Its simply not practical for most people to sue in these cases – its too expensive (either in time or $). But where there are patterns of behaviour like this an ombudsman can intervene.

    Or take one example where I put down a deposit for an item at a shop for them to order it in. They were eventually unable to supply the item but decided to not return the deposit. Its totally illegal, but the process of suing them for the deposit back makes it impractical – a day of my time would be more than the deposit. A call from consumer affairs who they knows legally what to do (and see patterns of behaviour by businesses) is enough to get them to change their mind.

  18. Alan Moran

    Chris,
    Number portability being promoted by regulation is something I have previously suggested might be one of the few areas of pro-competitive, pro-consumer regulation that I have come across. Would this doubtless beneficial arrangement have developed anyway and how without government insistence?

    Less persuasive is the deposit return system. The action by the shop that you posit is pure theft and there would be recourse at law and in reputational credits which would leave that shop unable to provide for the order trade.

  19. Chris

    Alan – in addition to number portability perhaps the recent changes to making it easier to change home loans is another example? In the financial industry being able to change banks without having to change account numbers (kind of like number portability) would be a huge benefit to consumers. For me at least changing all the direct deposit/debits is the biggest barrier to moving financial institutions. And these days with those fancy computer things it should be feasible.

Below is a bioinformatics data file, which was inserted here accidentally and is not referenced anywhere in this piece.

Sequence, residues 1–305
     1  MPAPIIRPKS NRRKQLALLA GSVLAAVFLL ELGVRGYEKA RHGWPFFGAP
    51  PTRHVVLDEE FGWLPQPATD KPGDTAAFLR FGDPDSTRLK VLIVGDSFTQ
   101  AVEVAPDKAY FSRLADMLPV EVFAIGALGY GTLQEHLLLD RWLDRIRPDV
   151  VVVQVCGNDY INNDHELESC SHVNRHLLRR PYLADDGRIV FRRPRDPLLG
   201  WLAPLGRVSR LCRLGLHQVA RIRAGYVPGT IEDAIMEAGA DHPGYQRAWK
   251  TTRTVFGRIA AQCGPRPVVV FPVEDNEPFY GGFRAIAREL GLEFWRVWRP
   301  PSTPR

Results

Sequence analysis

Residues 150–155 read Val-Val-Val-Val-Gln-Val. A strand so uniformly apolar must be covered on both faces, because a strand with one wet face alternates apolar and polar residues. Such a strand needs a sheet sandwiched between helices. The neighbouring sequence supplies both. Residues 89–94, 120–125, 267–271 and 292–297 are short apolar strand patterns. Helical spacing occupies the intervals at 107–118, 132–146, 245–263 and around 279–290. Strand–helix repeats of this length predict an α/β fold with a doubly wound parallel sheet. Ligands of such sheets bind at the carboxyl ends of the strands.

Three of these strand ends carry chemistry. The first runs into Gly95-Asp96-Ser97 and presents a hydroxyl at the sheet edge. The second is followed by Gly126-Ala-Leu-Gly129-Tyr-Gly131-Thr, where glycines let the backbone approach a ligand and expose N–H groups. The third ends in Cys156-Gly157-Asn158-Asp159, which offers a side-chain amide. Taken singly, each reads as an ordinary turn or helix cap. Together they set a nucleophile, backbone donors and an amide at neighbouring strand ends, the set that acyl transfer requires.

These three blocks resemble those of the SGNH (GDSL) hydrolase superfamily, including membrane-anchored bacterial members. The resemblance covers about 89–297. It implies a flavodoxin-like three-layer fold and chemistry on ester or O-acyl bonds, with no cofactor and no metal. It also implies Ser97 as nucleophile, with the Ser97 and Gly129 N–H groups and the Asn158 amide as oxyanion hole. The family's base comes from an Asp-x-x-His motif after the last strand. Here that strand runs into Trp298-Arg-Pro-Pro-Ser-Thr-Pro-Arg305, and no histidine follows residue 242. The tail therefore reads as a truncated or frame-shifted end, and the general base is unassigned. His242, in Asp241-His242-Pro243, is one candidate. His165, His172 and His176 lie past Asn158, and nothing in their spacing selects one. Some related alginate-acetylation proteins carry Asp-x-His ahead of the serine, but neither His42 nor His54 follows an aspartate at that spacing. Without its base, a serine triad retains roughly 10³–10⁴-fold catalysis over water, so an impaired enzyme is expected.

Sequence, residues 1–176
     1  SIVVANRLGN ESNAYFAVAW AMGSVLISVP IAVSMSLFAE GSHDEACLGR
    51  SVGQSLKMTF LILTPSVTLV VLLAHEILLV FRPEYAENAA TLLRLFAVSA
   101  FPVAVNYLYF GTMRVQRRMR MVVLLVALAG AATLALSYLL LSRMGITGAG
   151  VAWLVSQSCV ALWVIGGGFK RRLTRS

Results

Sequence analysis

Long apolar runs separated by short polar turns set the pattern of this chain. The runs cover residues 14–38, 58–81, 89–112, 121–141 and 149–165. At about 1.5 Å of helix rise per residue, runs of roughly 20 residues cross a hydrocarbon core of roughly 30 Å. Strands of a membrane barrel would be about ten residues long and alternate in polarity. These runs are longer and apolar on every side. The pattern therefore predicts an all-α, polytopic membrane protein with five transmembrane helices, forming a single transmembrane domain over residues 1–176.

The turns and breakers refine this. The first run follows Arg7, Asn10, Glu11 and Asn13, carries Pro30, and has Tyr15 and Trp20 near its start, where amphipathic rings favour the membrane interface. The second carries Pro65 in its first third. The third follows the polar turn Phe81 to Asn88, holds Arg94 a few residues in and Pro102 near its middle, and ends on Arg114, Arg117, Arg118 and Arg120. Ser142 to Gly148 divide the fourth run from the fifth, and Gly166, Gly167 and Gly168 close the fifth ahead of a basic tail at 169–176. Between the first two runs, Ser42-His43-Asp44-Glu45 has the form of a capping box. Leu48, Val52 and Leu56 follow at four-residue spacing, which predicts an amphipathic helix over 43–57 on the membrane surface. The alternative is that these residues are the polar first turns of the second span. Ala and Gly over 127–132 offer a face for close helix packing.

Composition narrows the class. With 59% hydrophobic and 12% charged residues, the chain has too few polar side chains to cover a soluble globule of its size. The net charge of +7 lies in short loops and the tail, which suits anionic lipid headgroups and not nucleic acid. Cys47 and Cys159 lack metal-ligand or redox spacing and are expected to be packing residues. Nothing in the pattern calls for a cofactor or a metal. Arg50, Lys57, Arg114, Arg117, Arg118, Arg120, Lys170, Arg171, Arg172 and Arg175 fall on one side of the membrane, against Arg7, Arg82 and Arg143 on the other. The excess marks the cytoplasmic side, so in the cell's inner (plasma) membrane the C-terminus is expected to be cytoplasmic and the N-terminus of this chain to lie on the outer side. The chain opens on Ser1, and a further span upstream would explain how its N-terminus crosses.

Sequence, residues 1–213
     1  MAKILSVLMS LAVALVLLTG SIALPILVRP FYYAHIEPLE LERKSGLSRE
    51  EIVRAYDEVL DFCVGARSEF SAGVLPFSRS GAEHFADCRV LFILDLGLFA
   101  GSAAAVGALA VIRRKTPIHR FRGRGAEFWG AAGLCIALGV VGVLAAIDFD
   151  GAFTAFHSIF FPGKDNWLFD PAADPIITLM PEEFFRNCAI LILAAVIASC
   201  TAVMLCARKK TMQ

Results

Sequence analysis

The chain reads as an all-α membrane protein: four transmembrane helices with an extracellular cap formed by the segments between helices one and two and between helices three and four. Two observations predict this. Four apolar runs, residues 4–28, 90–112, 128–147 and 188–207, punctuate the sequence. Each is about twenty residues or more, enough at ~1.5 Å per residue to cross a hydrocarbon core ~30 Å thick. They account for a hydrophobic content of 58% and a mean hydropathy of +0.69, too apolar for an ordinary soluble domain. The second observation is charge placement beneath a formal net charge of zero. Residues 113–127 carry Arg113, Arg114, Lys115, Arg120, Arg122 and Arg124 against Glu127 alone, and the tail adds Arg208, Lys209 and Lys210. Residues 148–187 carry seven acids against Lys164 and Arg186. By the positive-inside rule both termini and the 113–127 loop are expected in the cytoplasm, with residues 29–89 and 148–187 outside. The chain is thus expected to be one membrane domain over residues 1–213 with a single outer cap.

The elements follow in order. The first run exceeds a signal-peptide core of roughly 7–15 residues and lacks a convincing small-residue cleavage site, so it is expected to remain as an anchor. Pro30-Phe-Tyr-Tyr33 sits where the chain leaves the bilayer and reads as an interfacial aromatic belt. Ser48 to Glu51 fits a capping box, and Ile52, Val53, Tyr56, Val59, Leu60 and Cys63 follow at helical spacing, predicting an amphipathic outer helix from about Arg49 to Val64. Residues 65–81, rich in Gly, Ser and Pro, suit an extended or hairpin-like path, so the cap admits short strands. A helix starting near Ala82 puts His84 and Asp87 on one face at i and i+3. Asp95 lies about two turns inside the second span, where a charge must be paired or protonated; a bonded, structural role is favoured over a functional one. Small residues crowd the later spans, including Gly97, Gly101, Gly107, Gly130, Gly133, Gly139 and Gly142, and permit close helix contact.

Less persuasive is the deposit return system. The action by the shop that you posit is pure theft and there would be recourse at law and in reputational credits which would leave that shop unable to provide for the order trade.

    The difficulty here is the cost of legal action (this actually happened to me). To take the shop owner to small claims court would easily take up a day of my time. That’s more than the deposit so financially I’d be even more behind. Perhaps I would have done it anyway out of spite. I perhaps could have caused reputational damage say via social media, but unless it becomes viral its a bit hit and miss and doesn’t actually compensate me at all. And the last thing I want is a defamation lawsuit – even if they don’t win it still chews up a tonne of time and money.